But these days, Huston said, instead of giving each customer a bunch of addresses, ISPs give them one and they put all their devices behind a NAT. The address that law enforcement sees in the webserver log is simply a dynamic address based on a radius server allocation. That means the forensic analyst would also need the ISP’s radius log to find out which particular endpoint was assigned to which IP address at each time to provide the location of the physical door to be bashed down. So we now need accurate time logs as well.

This is with 14 billion devices on 1.5 billion IPv4 addresses. Soon we will get to 50 billion, Huston said. What’s happening is that ISPs are driving dual stack networks, with many now running IPv6 only on the mobile side. Address sharing is intense. How long is a TCP session? It could be five hours, or as short as 10 ms. The time on each server needs to be exact in order to find the right physical location. Even different NTP servers can be off by more than 10ms.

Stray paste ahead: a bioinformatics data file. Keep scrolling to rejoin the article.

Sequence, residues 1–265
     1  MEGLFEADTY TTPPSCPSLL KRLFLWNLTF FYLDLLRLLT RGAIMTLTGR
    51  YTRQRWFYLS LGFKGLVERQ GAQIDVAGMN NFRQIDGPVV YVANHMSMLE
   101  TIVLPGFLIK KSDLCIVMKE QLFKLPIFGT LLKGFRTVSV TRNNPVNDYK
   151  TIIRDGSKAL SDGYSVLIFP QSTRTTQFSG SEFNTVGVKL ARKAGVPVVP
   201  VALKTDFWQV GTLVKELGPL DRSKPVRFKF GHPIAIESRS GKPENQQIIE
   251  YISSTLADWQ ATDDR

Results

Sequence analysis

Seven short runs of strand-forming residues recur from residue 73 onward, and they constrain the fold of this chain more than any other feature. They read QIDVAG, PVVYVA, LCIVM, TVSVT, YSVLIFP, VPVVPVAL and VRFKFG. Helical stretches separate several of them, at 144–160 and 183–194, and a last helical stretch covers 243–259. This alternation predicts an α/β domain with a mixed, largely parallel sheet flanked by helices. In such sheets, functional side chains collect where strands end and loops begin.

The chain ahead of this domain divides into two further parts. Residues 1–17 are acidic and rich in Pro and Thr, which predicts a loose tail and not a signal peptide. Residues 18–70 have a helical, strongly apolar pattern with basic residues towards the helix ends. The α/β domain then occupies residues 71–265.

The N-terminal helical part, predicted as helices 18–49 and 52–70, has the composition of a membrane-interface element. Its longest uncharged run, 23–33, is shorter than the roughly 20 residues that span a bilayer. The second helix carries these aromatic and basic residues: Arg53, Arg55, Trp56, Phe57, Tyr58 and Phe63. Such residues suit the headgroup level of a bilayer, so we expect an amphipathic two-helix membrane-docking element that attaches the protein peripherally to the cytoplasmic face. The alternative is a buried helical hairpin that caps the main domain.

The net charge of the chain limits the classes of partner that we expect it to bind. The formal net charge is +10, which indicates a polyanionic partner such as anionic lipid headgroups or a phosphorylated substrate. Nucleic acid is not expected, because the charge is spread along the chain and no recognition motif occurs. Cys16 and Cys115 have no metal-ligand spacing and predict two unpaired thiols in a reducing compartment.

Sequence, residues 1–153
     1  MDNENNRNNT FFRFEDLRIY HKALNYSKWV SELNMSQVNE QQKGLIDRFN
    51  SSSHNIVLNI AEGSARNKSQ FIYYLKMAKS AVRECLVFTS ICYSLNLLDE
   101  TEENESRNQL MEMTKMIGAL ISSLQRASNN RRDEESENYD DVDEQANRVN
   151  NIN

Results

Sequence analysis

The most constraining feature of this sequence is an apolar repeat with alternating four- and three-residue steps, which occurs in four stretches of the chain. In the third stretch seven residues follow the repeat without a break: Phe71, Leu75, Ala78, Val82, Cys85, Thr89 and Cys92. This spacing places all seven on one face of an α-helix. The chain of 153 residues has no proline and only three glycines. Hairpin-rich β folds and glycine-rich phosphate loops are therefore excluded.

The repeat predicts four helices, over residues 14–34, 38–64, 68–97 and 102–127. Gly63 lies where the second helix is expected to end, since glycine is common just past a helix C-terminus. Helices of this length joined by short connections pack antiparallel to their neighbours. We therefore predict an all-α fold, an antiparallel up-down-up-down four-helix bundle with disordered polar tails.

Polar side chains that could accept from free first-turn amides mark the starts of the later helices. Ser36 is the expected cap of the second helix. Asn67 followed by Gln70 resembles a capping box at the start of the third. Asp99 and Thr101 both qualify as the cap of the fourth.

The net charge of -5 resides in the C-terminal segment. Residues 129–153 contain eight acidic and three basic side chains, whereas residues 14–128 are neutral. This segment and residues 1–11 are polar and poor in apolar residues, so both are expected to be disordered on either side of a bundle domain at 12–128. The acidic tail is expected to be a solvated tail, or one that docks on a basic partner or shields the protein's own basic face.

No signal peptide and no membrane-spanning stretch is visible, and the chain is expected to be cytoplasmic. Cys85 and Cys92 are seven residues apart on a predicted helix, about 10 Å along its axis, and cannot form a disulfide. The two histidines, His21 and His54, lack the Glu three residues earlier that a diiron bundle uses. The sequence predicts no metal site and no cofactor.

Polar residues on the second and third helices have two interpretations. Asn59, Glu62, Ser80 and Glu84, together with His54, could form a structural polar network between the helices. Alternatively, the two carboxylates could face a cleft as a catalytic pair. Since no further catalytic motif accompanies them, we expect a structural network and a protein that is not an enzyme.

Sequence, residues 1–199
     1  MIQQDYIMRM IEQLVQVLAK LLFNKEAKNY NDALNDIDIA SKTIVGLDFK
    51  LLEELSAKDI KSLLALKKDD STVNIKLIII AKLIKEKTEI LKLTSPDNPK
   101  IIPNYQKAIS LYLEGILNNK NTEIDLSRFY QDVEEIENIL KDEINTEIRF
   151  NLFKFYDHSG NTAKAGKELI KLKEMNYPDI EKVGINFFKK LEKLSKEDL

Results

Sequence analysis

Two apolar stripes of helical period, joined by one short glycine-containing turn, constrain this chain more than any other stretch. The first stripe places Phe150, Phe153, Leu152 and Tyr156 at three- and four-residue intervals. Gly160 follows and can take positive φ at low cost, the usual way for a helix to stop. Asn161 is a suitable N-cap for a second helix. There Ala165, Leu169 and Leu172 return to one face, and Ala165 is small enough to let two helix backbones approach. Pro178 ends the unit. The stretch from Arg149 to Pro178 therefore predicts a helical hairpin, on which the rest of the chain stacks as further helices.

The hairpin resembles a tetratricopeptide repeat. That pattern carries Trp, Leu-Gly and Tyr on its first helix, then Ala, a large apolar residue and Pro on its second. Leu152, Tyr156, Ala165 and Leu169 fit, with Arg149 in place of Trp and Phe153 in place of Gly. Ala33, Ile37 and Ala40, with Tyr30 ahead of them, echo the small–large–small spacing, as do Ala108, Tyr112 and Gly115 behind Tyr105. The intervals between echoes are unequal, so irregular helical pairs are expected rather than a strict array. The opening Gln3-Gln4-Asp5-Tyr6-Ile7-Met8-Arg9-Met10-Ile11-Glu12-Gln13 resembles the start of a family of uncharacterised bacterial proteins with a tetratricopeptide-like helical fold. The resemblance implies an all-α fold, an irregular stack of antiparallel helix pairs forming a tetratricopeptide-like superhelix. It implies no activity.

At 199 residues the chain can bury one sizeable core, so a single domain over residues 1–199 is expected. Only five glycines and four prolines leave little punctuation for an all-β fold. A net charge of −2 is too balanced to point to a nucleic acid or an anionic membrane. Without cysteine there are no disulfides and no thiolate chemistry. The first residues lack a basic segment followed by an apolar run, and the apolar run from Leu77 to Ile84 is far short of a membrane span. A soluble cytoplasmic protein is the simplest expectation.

In 2012, a NAT log of every CGN saw endpoints generating between 5-96MB of log data per second. That is 1PB per million subscribers per month. The log stream alone is 20 Mbps and this was over four years ago. It is virtually impossible to even index that amount of data in real-time.

The post-Snowden internet

Consequently, said Huston, all these data retention acts simply do not work. They only keep politicians and hard disk manufacturers happy. Belgium has an agreement with ISPs to limit the number of users per IPv4 address at 12 users. But while that is workable for 2016, said Huston, can it be sustained for another ten years?

Complicating things further is IPv6 translation. Because nobody runs pure v6 right now, there is a lot of translation being done in many different ways. A cop tapping the network will see only v6 without any clue regarding the v4 on either end, Huston said. New Zealand has passed a law addressing this. It requires everyone to register their network design architecture with authorities, and report any changes that are made.